Know the LawConciliation: The Lesser Used ADR Udayan Tandan10 Sep 2020 8:50 AMShare This – xWHAT IS CONCILIATION Conciliation is one of the Alternative Dispute Redressal (ADR) procedures/ mechanisms. Conciliation is a non-adjudicatory, negotiatory ADR process, which is also governed by the provisions of the Arbitration and Conciliation Act, 1986 (AC Act). CONCILIATION: THE GOVERNING STATUTES/ RULES The law relating to Conciliation has been codified for…Your free access to Live Law has expiredTo read the article, get a premium account.Your Subscription Supports Independent JournalismSubscription starts from ₹ 599+GST (For 6 Months)View PlansPremium account gives you:Unlimited access to Live Law Archives, Weekly/Monthly Digest, Exclusive Notifications, Comments.Reading experience of Ad Free Version, Petition Copies, Judgement/Order Copies.Subscribe NowAlready a subscriber?LoginWHAT IS CONCILIATION Conciliation is one of the Alternative Dispute Redressal (ADR) procedures/ mechanisms. Conciliation is a non-adjudicatory, negotiatory ADR process, which is also governed by the provisions of the Arbitration and Conciliation Act, 1986 (AC Act). CONCILIATION: THE GOVERNING STATUTES/ RULES The law relating to Conciliation has been codified for the first time in India on the pattern of UNCITRAL Conciliation Rules. One of the objects of the UNCITRAL Conciliation Rules embodied in Part III of the Act is to make “a significant contribution to the establishment of a unified legal framework for the fair and efficient settlement of disputes arising in International commercial relations.” Although provided for in Section 89 of the Code of Civil Procedure (CPC), 1908 Conciliation, as a specific mechanism for dispute resolution is provided for and specifically dealt with under Part-III titled ‘Conciliation’ of the Arbitration and Conciliation Act, 1996 (AC Act). Conciliation proceedings in India are governed by: 1. Arbitration and Conciliation Act, 1996 (AC Act) 2. Section 89 of the Code of Civil Procedure, 1908 (CPC) 3. Delhi High Court Mediation & Conciliation Rules, 2004 framed under Section 89 CPC, 1908 Section 89 CPC specifically empowers the Court, with the consent of the parties, to refer the matter for settlement under sub-section 2(a) of Section 89 CPC for ADR process. It refers to five types of ADR procedures, made up of one adjudicatory process i.e. Arbitration and four negotiatory/ non-adjudicatory processes i.e. Conciliation, Mediation, Judicial settlement and Lok Adalat settlement. The object of Section 89 CPC is that settlement should be attempted by adopting an appropriate ADR process before the case proceeds to trial. Neither Section 89 nor Rule 1-A of Order 10 CPC is intended to supersede or modify the provisions of the Arbitration and Conciliation Act, 1996 or the Legal Services Authorities Act, 1987. Rather, it clarifies that two of the ADR processes i.e. Arbitration and Conciliation, will be governed by the provisions of the AC Act and the two other ADR processes i.e. Lok Adalat settlement and Mediation, will be governed by the Legal Services Authorities Act. As for the last of the ADR processes i.e. Judicial settlement, Section 89 makes it clear that it is not governed by any enactment and the Court will follow such procedure as may be prescribed (by appropriate rules). The Delhi High Court Mediation and Conciliation Rules cannot override the statutory Provisions. HOW CONCILIATION CAN BE INITIATED AND WHETHER PARTIES CAN BE REFERRED TO CONCILIATION BY COURT Conciliation as a dispute redressal mechanism can only be initiated voluntarily by the parties in the manner envisaged under Part-III of the Arbitration and Conciliation Act, 1996. There can be a valid reference to Conciliation ‘only’ if both parties to the dispute agree to have negotiations with the help of a third party or third parties either by an agreement or by the process of invitation and acceptance provided in Section 62 AC Act, followed by appointment of Conciliator(s) as provided in Section 64 AC Act. If both parties do not agree for Conciliation, the process of Conciliation cannot be initiated. Even in a case before the Court, with the consent of the parties, the pending suit/proceeding can be referred to Conciliation under Section 89 CPC. If a dispute is referred for Conciliation, sub-section 2(a) of Section 89 CPC specifically mandates that the provisions of the Arbitration and Conciliation Act shall apply as if the proceedings for Conciliation were referred for settlement under it. The settlement, if any, shall be governed by Section 74 AC Act and would require to be enforced in the manner of an Arbitral Award. The Settlement Agreement in Conciliation may not require the seal of approval of the Court for its enforcement when they are made in a direct reference by parties without the intervention of Court. When a matter is settled through Conciliation, the Settlement Agreement executed thereof within the meaning of Section 74 AC Act is to be treated as an Arbitral Award under Section 30 AC Act so as to be enforced under Section 36 AC Act. However, if Conciliation proceedings are made on a reference by a Court in a pending suit/proceeding, the Court retains its control and jurisdiction over the case, even when the matter is before the ADR forum. As the Court continues to retain control and jurisdiction over the cases referred by it for Conciliation, the Settlement Agreement in Conciliation will have to be placed essentially placed before the Court for recording it and disposal in its terms. PROCEDURE Elaborate steps are prescribed for Conciliation under Part-III (Section 76 to Section 81) titled ‘Conciliation’ of the Arbitration and Conciliation Act, 1996 (AC Act). Where law prescribes the manner in which an act has to be performed, it has to be performed in that manner only. In Conciliation proceedings initiated voluntarily by the parties, the proceedings shall commence and progress only in accordance with Part-III of the AC Act, 1996. Section 61 AC provides that disputes arising out of a legal relationship, whether contractual or not, may be resolved by the parties through Conciliation. Conciliation proceedings are initiated under Section 62 on a written invitation by one party to conciliate to the other. It commences when the other party, accepts such invitation, in writing. Section 63 AC Act provides that there shall be a sole Conciliator, unless the parties agree that there shall be two or three Conciliators. Where there are more than one Conciliator, they ought to act jointly. The appointment of a Conciliator is undertaken under Section 64 AC Act. Section 66 AC Act maintains that the Conciliator is “not bound by CPC or the Indian Evidence Act, 1872”. Section 65 Act prescribes that the Conciliator(s) may request each party to submit to him/ them a brief written statement describing the general nature of the dispute and the points at issue, a further statement in writing, documents and evidence in support, and/or seek additional information from either party as he deems appropriate. Section 67 AC Act defines the role of the Conciliator(s). Conciliator(s) may make proposals for settlement of the dispute, in writing or otherwise. Thus, Conciliator(s) plays a proactive role in settlement of the dispute. The Conciliator(s) may even arrange for administrative assistance by a suitable institution or person, with the consent of the parties, to facilitate the conduct of the proceedings. Communication between the parties and the Conciliator may be oral or written. The place and time for holding of the Conciliation proceedings shall be determined by the Conciliator(s) after consultation with the parties. A Settlement Agreement between the parties is finalized in accordance with Section 73 AC Act. The Settlement Agreement has to be in writing, signed by the parties, and also signed by the Conciliator to authenticate the same. When the parties sign the Settlement Agreement, it shall be final and binding on the parties and persons claiming under them respectively. Section 74 AC Act sets out the status and effect of a Conciliated Settlement Agreement. By virtue of Section 74 AC Act, such Settlement Agreement shall have the same status and effect as if it is an “Arbitral Award on agreed terms on the substance of the dispute rendered by an Arbitral Tribunal under Section 30 AC Act”. Section 76 AC Act prescribes the manner in which the conciliation proceedings are terminated. The Conciliator shall authenticate the Settlement Agreement and furnish a copy thereof to each of the parties. The Conciliator is empowered to fix fees and costs of the Conciliation and direct the parties to deposit an equal amount as an advance towards the same. During the pendency of the Conciliation proceedings, the parties cannot initiate any arbitral or judicial proceedings in respect of the dispute that is the subject-matter of the Conciliation proceedings, except where such proceedings are necessary for preserving the rights of a party. Under Section 84 AC Act, the power to make rules is conferred on the Central Government. WHO CAN BE A CONCILIATOR? A Conciliator is a person who is to assist the parties to settle the disputes between them amicably unlike an Arbitrator who has an adjudicatory function. But that does not dispense with satisfying the requirements of Section 73 AC Act in bringing out a binding Settlement Agreement. The Conciliator plays a relatively direct role in the actual resolution of a dispute and even advises the parties on certain solutions by making proposals for settlement. The Conciliator has to impartial, fair and independent, and be guided by the principles of objectivity, fairness and justice. ESSENTIALS OF A VALID CONCILIATION If the statute prescribes a procedure for doing a thing in a particular way, it has to be done accordingly. As such, it is imperative that the procedure as prescribed under-Part III AC Act has been followed by the Conciliator for the Settlement Agreement to be valid, binding and enforceable. The Conciliation Settlement Agreement entered into by the parties should satisfy and comply with all of the requirements of Section 73 AC Act. The Conciliation Settlement must be drafted by the Conciliator(s) and the parties during Conciliation proceedings as provided in Section 73 (2) and bear the signature of the representatives of both parties at the end of the document as required by Section 73(3) AC Act. It should be authenticated by the Conciliator(s) at the end of the document as required by Section 73(4) AC Act. There should be a Settlement Agreement within the meaning of Section 74 AC Act, and there should be termination of Conciliation proceedings under Section 76(a) AC Act by the signing of the Settlement Agreement by the parties on the date of Agreement. Consequently, the Conciliation Settlement becomes final and binding on the parties as set out in Section 73(3) AC Act. If there was Settlement Agreement under Section 73 AC Act, Conciliation Proceedings would be terminated under Section 76(a) AC Act. A successful Conciliation proceeding comes to an end only when the Settlement Agreement signed by the parties comes into existence. It is such an agreement which has the status and effect of legal sanctity of an arbitral award under Section 74 AC Act, and such a Settlement Agreement executed within the meaning of Section 74 AC Act is to be treated as an Arbitral Award under Section 30 AC Act so as to be enforceable under Section 36 AC Act. ENFORCEMENT/ EXECUTION OF CONCILIATION AGREEMENT Be it a decree or an order, it makes no difference to the method of execution as, even an order has to be executed in the same manner as a decree. Therefore, enforcement of such settlement would have to be effected in accordance with Section 36 under Chapter-VIII of AC Act. Section 36 specifically dealing with enforcement, stipulates that an Arbitral Award shall be enforced “under the Code of Civil Procedure, 1908 (5 of 1908) in the same manner as if it were a decree”. Therefore, such Conciliation, that commences by voluntary acts as provided under Part-III of AC Act, does not envisage intervention of the Court other than for the purposes of enforcement thereof which has to be done by the civil Court as it were a decree of the Court. Conciliation proceedings do not result in passing of a decree. DIFFERENCE BETWEEN CONCILIATION AND ARBITRATION As contrasted from Arbitration, when a matter is referred to Conciliation, the matter does not go out of the stream of the Court process permanently. If there is no settlement, the matter is returned to the Court for framing issues and proceeding with the trial. In Arbitration proceedings the Award is the decision of the Arbitral Tribunal while in the case of Conciliation the decision is that of parties arrived at with the assistance of the Conciliator. DIFFERENCE BETWEEN CONCILIATION AND MEDIATION There is a difference between the prescribed mechanisms for execution of the settlements reached in Mediation and Conciliation. Perusal of Section 89 CPC would show that sub-section (a) of Section 2 of Section 89, mandates that so far as ‘Conciliation’ is concerned, the procedure under the AC Act has to be followed. As against this, Clause (d) of sub-section 2 of Section 89 CPC prescribes that in Mediation, “such procedure as may be prescribed” has to be followed. The statute lays down that a Conciliation Agreement has the “same status and effect as if it is an Arbitral Award” by virtue of Section 74 AC Act. It would thus be enforceable under Section 36 AC Act. On the other hand, a Mediation Settlement has, under Section 89(2)(d) CPC, to receive the treatment prescribed under the Rules framed for the purpose. Upon a MEDIATION settlement being effected, “the Court shall effect a compromise between the parties and shall follow such procedures as may be prescribed”, such as the Delhi High Court Mediation and Conciliation Rules, 2004 in Delhi. RELEVANT PROVISIONS OF THE CODE OF CIVIL PROCEDURE The relevant provisions of Code of Civil Procedure, 1908 are Sections 36, 38, 39 and 89. THE MEDIATION AND CONCILIATION RULES, 2004 The Mediation and Conciliation Rules, 2004, prescribing the procedure, were framed in exercise of the rule making power prescribed under Part X CPC and the enabling mandate under clause (d) of sub-section (2) of Section 89 CPC and were notified by the High Court of Delhi on 11th August, 2005. Procedure guiding settlement agreements is to be found in Rules 24 and 25 of the Delhi High Court Mediation and Conciliation Rules. It is trite that rule-making power vested in an authority does not enable it to make rules which traverse beyond the scope of the enabling Act or which are inconsistent or repugnant to the Act. When legislative power is delegated the power must be exercised within the scope of the authority conferred by the enabling Act. The reference in Rule 25 of the Delhi High Court Mediation and Conciliation Rules that, on receipt of any settlement, if the court is satisfied with regard to the settlement, it “shall” pass “a decree” in accordance with terms thereof would neither override the statutory mandate of AC Act nor the provisions of CPC. It cannot proscribe the jurisdiction of the Court to pass a decree as well. The Mediation and Conciliation Rules, 2004 derive their existence as well as statutory authority from CPC and cannot confer such substantive rights which the enabling Act does not prescribe. The intention of the rule making authority by Rule 25 is to give sanctity to a settlement agreement reached in Mediation in accordance with law. Such intention and purpose are achieved if the substantive proceedings are disposed of either by passing a decree in the suit in terms of the settlement or the proceeding only if the substantive law so mandates. It is also achieved by an order accepting and disposing of the proceeding in terms of the settlement in proceedings where the substantive law does not envisage passing a decree as under the AC Act. Such an order (passed in terms of the settlement agreement) would be executable under Section 36 CPC in the same manner as a decree. DECREE, ORDER, JUDGMENT AND SETTLEMENT The expression “judgment” is defined under Section 2(9) CPC as: “judgment” means the statement given by the Judge on the grounds of a decree or order. The expression ‘order’ used in AC Act is not defined therein, and derives its meaning from Section 2(14) of CPC as: “order” means the formal expression of any decision of a Civil Court which is not a decree. The expression ‘decree’ is specifically defined under Section 2(2) CPC as: “decree” means the formal expression of an adjudication which, so far as regards the Court expressing it, conclusively determines the rights of the parties with regard to all or any of the matters in controversy in the suit and may be either preliminary or final. An Award in Arbitral proceedings does not satisfy any of the requirements of a decree. It is not rendered in a suit nor is an arbitral proceeding commenced by the institution of a plaint. Similarly, a settlement in the Conciliation would also not result in a decree. In terms of the provisions of the CPC as well, no decree can result in proceedings under AC Act. RELEVANT CASE LAW The scope of Section 89 CPC and reference to the alternative dispute redressal mechanisms came up for consideration before the Hon’ble Supreme Court in Afcons Infrastructure Ltd. & Anr. v. Cherian Varkey Construction Co. Pvt. Ltd. & Ors., (2010) 8 SCC 24. So far as the Conciliation in a matter pending in Court is concerned, the Court observed thus: “35. Conciliation is a non-adjudicatory ADR process, which is also governed by the provisions of the AC Act. There can be a valid reference to conciliation only if both parties to the dispute agree to have negotiations with the help of a third party or third parties either by an agreement or by the process of invitation and acceptance provided in Section 62 of the AC Act followed by appointment of conciliator(s) as provided in Section 64 of the AC Act. If both parties do not agree for conciliation, there can be no “conciliation”. As a consequence, as in the case of arbitration, the court cannot refer the parties to conciliation under Section 89, in the absence of consent by all parties. As contrasted from arbitration, when a matter is referred to conciliation, the matter does not go out of the stream of the court process permanently. If there is no settlement, the matter is returned to the court for framing issues and proceeding with the trial.” para 35 On the question of “Whether the settlement in an ADR process is binding in itself?, the Court noted that: “37. When the court refers the matter to arbitration under Section 89 of the Act, as already noticed, the case goes out of the stream of the court and becomes an independent proceeding before the Arbitral Tribunal. Arbitration being an adjudicatory process, it always ends in a decision. There is also no question of failure of the ADR process or the matter being returned to the court with a failure report. The award of the arbitrators is binding on the parties and is executable/enforceable as if a decree of a court, having regard to Section 36 of the AC Act. If any settlement is reached in the arbitration proceedings, then the award passed by the Arbitral Tribunal on such settlement, will also be binding and executable/enforceable as if a decree of a court, under Section 30 of the AC Act.” para 37 What is the nature of the ADR process? Is it adjudicatory or non-adjudicatory? More important, what happens to the case in which a reference to ADR is made? With regard to other four ADR processes, the Court explained as follows: “38. The other four ADR processes are non- adjudicatory and the case does not go out of the stream of the court when a reference is made to such a non- adjudicatory ADR forum. The court retains its control and jurisdiction over the case, even when the matter is before the ADR forum. When a matter is settled through conciliation, the settlement agreement is enforceable as if it is a decree of the court having regard to Section 74 read with Section 30 of the AC Act. xxx xxx xxx Though the settlement agreement in a conciliation or a settlement award of a Lok Adalat may not require the seal of approval of the court for its enforcement when they are made in a direct reference by parties without the intervention of court, the position will be different if they are made on a reference by a court in a pending suit/proceedings. As the court continues to retain control and jurisdiction over the cases which it refers to conciliations, or Lok Adalats, the settlement agreement in conciliation or the Lok Adalat award will have to be placed before the court for recording it and disposal in its terms.” para 38 The Court thereafter laid down the effect of the settlement reached in the non-adjudicatory forums as follows: “40. Whenever such settlements reached before non- adjudicatory ADR fora are placed before the court, the court should apply the principles of Order 23 Rule 3 of the Code and make a decree/order in terms of the settlement, in regard to the subject-matter of the suit/proceeding. In regard to matters/disputes which are not the subject-matter of the suit/proceedings, the court will have to direct that the settlement shall be governed by Section 74 of the AC Act (in respect of conciliation settlements) or Section 21 of the Legal Services Authorities Act, 1987 (in respect of settlements by a Lok Adalat or a mediator). Only then such settlements will be effective.” para 40 The Court finally summed up the procedure to be adopted by a Court as follows: “43. We may summarise the procedure to be adopted by a court under Section 89 of the Code as under: a) When the pleadings are complete, before framing issues, the court shall fix a preliminary hearing for appearance of parties. The court should acquaint itself with the facts of the case and the nature of dispute between the parties. b) The court should first consider whether the case falls under any of the category of the cases which are required to be tried by courts and not fit to be referred to any ADR processes. If it finds the case falls under any excluded category, it should record a brief order referring to the nature of the case and why it is not fit for reference to ADR processes. It will then proceed with the framing of issues and trial. xxx xxx xxx e) If the parties are not agreeable for arbitration, the court should ascertain whether the parties are agreeble for reference to conciliation which will be governed by the provisions of the AC Act. If all the parties agree for reference to conciliation and agree upon the conciliator/s, the court can refer the matter to conciliation in accordance with section 64 of the AC Act. f) If the parties are not agreeable for arbitration and conciliation, which is likely to happen in most of the cases for want of consensus, the court should, keeping in view the preferences/options of parties, refer the matter to any one of the other three ADR processes : (a) Lok Adalat; (b) mediation by a neutral third-party facilitator or mediator; and (c) a judicial settlement, where a Judge assists the parties to arrive at a settlement. xxx xxx xxx (h) If the reference to the ADR process fails, on receipt of the Report of the ADR Forum, the court shall proceed with hearing of the suit. If there is a settlement, the court shall examine the settlement and make a decree in terms of it, keeping the principles of Order 23 Rule 3 of the Code in mind. (i) If the settlement includes disputes which are not the subject matter of the suit, the court may direct that the same will be governed by Section 74 of the AC Act (if it is a Conciliation Settlement) or Section 21 of the Legal Services Authorities Act, 1987 (if it is a settlement by a Lok Adalat or by mediation which is a deemed Lok Adalat). This will be necessary as many settlement agreements deal with not only the disputes which are the subject matter of the suit or proceeding in which the reference is made, but also other disputes which are not the subject matter of the suit. xxx xxx” para 43 In Mysore Cements Ltd. v Svedala Barmac Ltd, AIR 2003 SC 3493, the question before the Court for consideration was: “Whether a Letter of Comfort furnished on the same day of a Settlement arrived at during conciliation signed by both the parties and authenticated by the Conciliators is enforceable in the same manner as an arbitration award under Section 74 read with Sections 30 and 36 of the Arbitration and Conciliation Act, 1996?” The Court held that: “It is not every agreement or arrangement between parties to the disputes, arrived at in whatever manner or form, during the pendency of conciliation proceedings that automatically acquires the status of a settlement agreement within the meaning of Section 73 of the Act so as to have the same status and effect as if it is an arbitral award, for being enforced as if it were a decree of the court. It is only that agreement which has been arrived at in conformity with the manner stipulated and form envisaged and got duly authenticated in accordance with Section 73 of the Act, alone can be assigned the status of a settlement agreement, within the meaning of and for effective purposes of the Act, and not otherwise. It should have fulfilled the essential legal pre requisites to be satisfied for being assigned any such status…. If the Settlement Agreement comes into existence under Section 73 satisfying the requirements stated therein, it gets the status and effect of an arbitral award on agreed terms on the substance of the dispute rendered by an arbitral tribunal under Section 30 of the Act.” In Haresh Dayaram Thakur v. State of Maharashtra and Ors.,  6 SCC 179 while dealing with the provisions of Sections 73 and 74 AC Act, the Court expressed thus:- “19. From the statutory provisions noted above the position is manifest that a conciliator is a person who is to assist the parties to settle the disputes between them amicably. For this purpose the conciliator is vested with wide powers to decide the procedure to be followed by him untrammelled by the procedural law like the Code of Civil Procedure or the Indian Evidence Act, 1872. When the parties are able to resolve the dispute between them by mutual agreement and it appears to the conciliator that there exists an element of settlement which may be acceptable to the parties he is to proceed in accordance with the procedure laid down in Section 73, formulate the terms of a settlement and make it over to the parties for their observations; and the ultimate step to be taken by a conciliator is to draw up a settlement in the light of the observations made by the parties to the terms formulated by him. The settlement takes shape only when the parties draw up the settlement agreement or request the conciliator to prepare the same and affix their signatures to it. Under sub-section (3) of Section 73 the settlements agreement signed by the parties is final and binding on the parties and persons claiming under them. It follows therefore that a successful conciliation proceeding comes to an end only when the settlement agreement signed by the parties comes into existence. It is such an agreement which has the status and effect of legal sanctity of an arbitral award under Section 74….. 20…. The position is well settled and if the statute prescribes a procedure for doing a thing, a thing has to be done according to that procedure. ” STAMP DUTY FOR SETTLEMENT AGREEMENT IN CONCILIATION The Award, under Article 12 of the Schedule 1A as applicable to Delhi, of the Stamp Act, attracts stamp duty of 0.1% of the value of the property to which the Award relates. Similar duty is payable on a Settlement Agreement under the Conciliation. BENEFITS OF CONCILIATION Conciliation is a fundamentally different alternative dispute. Apart from consensual selection of the forum, even the dispute is settled by agreement and not by adjudication. A Conciliation Settlement is analogous to a compromise agreement or consent order which is enforced by using the machinery of the Court. In view of the above discussion, it can be said that, Conciliation is a simple, cost effective, fast procedure to settle any dispute. Conciliation tries to individualize the optimal solution and direct parties towards a satisfactory common agreement. The Settlement Agreement arrived at in Conciliation proceedings is final and binding, and enforceable.Views are personal only.(Author is an Advocate and Ex-Legal Consultant, Directorate Of Enforcement) Subscribe to LiveLaw, enjoy Ad free version and other unlimited features, just INR 599 Click here to Subscribe. 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By Dialogo July 20, 2011 In the remote Amazonian jungles, hidden under the canopy of rainforests, lies the latest technological advancement for the drug smugglers – the “narco submarine.” For years, Colombian drug traffickers have conceived of new ways to smuggle shipments of cocaine to Mexico and the United States from using drug “mules”, to go-fast boats, to even hijacking passenger jets. In the 1990’s, traffickers began experimenting with primitive semi-submersibles which were nothing more than just cigarette boats that were encased in wood and fiberglass and were limited in range and capacity. However, as drug trafficking organizations advanced their techniques, newer generations of the submersibles were built with the capacity to carry larger loads and the ability to travel much further than before. These new submersibles ranged from 40 to 80 feet in length, with the capacity to hold up to 4 people and 12 metric tons of cocaine. They had a tower in the middle so the crew could look out over the splashing waves and steer. Still built with wood and fiberglass, these subs emit a low radar signature causing it to be very hard to be detected, not to mention the fact that they’re also painted the color of the ocean. The price tags for the submersibles cost about $500,000 and are usually made within 90 days. According to dozens of semi submersible crewmembers who have been arrested by U.S. and Colombian authorities in the past several years, engineers with Naval backgrounds either from Colombia or outside the country are believed to be recruited by drug traffickers and are being paid top dollar to design these vessels. After they’re built, the subs are normally escorted by go-fast boats downriver from the jungle and released at sea. A sub’s route normally takes it several miles off the coast of Mexico or Central America where they are met by go-fast boats, which then take the cocaine to shore. Once their trips are complete, the subs are scuttled and abandoned — the cheapest and least conspicuous way to dispose of them. In the event that subs are spotted, crews also dispose of the sub. “When they think they might be caught, the crews tend to scuttle them,” said Jose Ruiz, spokesman for the U.S. Southern Command in Miami. “They get out of them, sink them, and the drugs go to the bottom of the ocean so they can’t be recovered for evidence.” Semi-submersibles are hard to spot from patrol ships, but are easy to detect from the air. Colombian authorities alone have seized over 60 semi submersibles since 1993according to Colombian Naval Public Affairs. Despite the seizures over the years however, drug traffickers have remained undeterred as rumors began to surface that the cartels had finally been able to build a fully submersible ship. “This enemy is supremely intelligent and has lots of money. It shows that the narco-traffickers are betting on this method,” said Admiral Edgar Cely, commander of the Colombian Armed Forces. The rumors of a fully submersible vessel were in fact true when in July of 2010, Ecuadorian armed forces, with help from the U.S. Drug Enforcement Agency, captured a 100-foot diesel-powered “Narco submarine” along a river tributary to the Pacific south of the Colombian border in Ecuador. The sophisticated vessel, with the ability to transporting multi-ton quantities of cocaine, also had a conning tower (which allows for visibility above water while the rest of the ship remains fully submerged underwater), periscope, and air conditioning system. As a result of DEA intelligence, Ecuadorian authorities were able to seize the vessel before it was able to make its maiden voyage. Then seven months later, in February of 2011, Colombian military seized a 100-foot fully submersible vessel, in a jungle in Timbiqui, near Colombia’s southwestern Pacific coast with three tons of cocaine nearby, ready to be loaded into a storage compartment. Both these vessels have the ability to dive 30 feet below the ocean’s surface and are estimated to cost between $2 to $5 million and take about a year to build. Jay Bergman, the DEA’s Andean Regional Director stationed in Bogota, believes that the capturing of these two vessels signifies a concerning trend and believes that more already exist. “The advent of the narco-submarine presents new detection challenges for maritime interdiction forces. The submarine’s nautical range, payload capacity and quantum leap in stealth have raised the stakes for the counter-drug forces and the national security community alike.”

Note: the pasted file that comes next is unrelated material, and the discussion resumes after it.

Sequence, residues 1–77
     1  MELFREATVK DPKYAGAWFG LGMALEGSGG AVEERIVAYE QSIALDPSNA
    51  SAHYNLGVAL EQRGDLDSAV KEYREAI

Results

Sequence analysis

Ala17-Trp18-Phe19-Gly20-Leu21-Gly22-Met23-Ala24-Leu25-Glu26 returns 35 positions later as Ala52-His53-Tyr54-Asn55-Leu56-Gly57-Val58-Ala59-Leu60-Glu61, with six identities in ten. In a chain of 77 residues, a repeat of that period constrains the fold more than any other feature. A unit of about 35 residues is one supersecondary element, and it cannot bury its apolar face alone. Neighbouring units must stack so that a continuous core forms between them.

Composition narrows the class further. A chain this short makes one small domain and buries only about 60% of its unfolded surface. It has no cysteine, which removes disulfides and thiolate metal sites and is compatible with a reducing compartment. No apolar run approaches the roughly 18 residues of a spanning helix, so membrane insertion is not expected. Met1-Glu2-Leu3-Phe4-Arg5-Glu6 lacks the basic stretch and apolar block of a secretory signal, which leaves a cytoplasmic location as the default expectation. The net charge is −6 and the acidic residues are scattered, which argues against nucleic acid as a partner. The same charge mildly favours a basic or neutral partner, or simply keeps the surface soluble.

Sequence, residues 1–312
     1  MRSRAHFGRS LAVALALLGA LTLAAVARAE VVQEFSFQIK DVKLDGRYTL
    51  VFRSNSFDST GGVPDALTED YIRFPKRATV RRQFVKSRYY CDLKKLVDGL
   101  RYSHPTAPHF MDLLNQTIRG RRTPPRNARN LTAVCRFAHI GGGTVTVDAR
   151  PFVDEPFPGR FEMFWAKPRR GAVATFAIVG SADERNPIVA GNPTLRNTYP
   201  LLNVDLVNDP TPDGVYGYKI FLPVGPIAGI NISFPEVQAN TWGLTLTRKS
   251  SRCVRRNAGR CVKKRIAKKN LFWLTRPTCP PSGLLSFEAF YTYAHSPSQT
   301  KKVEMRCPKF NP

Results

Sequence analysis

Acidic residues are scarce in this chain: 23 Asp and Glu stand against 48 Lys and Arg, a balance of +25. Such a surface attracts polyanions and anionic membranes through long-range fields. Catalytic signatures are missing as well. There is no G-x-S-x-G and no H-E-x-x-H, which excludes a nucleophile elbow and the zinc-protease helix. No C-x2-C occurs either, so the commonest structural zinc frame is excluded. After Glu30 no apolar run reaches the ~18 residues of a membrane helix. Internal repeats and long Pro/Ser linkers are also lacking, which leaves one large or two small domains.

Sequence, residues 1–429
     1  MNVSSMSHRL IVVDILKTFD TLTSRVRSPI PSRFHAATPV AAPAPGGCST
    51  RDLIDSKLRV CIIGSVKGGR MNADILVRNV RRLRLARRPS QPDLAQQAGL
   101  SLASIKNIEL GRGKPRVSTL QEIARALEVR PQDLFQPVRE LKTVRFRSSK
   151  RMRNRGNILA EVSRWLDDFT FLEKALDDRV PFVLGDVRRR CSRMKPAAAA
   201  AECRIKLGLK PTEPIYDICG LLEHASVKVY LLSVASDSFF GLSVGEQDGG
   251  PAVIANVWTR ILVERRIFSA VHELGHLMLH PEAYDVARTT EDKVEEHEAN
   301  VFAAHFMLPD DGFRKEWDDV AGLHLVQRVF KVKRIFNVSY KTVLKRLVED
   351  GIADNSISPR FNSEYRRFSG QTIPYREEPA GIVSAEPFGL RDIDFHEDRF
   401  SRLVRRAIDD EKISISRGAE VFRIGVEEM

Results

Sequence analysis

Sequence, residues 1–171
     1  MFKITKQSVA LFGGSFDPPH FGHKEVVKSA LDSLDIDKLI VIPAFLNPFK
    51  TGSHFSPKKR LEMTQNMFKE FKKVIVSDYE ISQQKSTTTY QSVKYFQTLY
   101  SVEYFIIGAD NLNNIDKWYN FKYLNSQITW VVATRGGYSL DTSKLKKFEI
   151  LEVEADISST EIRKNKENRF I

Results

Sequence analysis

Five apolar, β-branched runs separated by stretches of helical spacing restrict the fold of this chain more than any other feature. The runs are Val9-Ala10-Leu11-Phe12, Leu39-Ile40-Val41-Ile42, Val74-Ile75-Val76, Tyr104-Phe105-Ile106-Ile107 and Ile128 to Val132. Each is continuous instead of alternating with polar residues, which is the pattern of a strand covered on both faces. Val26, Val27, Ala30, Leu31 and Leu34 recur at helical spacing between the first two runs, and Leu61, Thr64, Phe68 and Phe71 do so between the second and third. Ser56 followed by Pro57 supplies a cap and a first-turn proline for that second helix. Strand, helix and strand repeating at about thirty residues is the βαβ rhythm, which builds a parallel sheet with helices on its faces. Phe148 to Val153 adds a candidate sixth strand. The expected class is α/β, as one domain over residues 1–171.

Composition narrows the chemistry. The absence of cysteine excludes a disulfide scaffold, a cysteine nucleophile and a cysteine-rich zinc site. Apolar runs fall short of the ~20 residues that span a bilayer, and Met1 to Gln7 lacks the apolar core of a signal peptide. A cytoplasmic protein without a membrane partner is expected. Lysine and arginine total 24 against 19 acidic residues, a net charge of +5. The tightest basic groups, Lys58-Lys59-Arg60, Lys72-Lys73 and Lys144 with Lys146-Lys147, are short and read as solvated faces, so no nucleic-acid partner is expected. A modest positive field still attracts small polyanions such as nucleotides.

By now all of you have seen the interview conducted by Erin Andrews after the Seattle/San Francisco ball game. Any time you do an interview after a hotly contested pro game, you have to be careful what questions you ask a player. Erin innocently wanted to know the Seattle defensive back’s description of his game-saving play. I am sure she did not expect to get a rant about his own ability to make the play. As he so clearly told her, he was the best and no one should ever question what he did on the field. The sad part of this interview comes from the fact that this young man in most cases is very articulate and extremely intelligent. I am in no way condoning what he said or how he said it, but I am just pointing out how tough it is to bring oneself down from the animalistic game known as pro football and five minutes later sound human. This young man is a graduate of Stanford University. Two days later in his apology he sounded like a true Stanford graduate.This football game points out how emotionally and physically involved pro football players become during a three-hour game. They are so big and so strong that any resemblance of normal human beings is lost in what is a modern version of the old Roman Coliseum games. It is a legal form of mayhem.
A pedestrian was fatally injured by an Expo Line train Monday morning, according to the Los Angeles Fire Department. The accident caused major Metro delays in Exposition Park.According to Erik Scott, a spokesperson for the Los Angeles Fire Department, the accident was reported at 11:01 a.m. on 2031 West Exposition Blvd. in the South Los Angeles area, resulting in one death. No other injuries were reported. The Metro Rider Alerts Twitter page reported that there was no train service between Expo/Crenshaw and Expo/Western following the accident, prompting Metro to request bus shuttles. In a subsequent tweet, Metro warned of “major delays” in that same area.Metro spokesman Paul Gonzales told the Los Angeles Times that the Los Angeles Police Department is currently investigating the death as a potential suicide.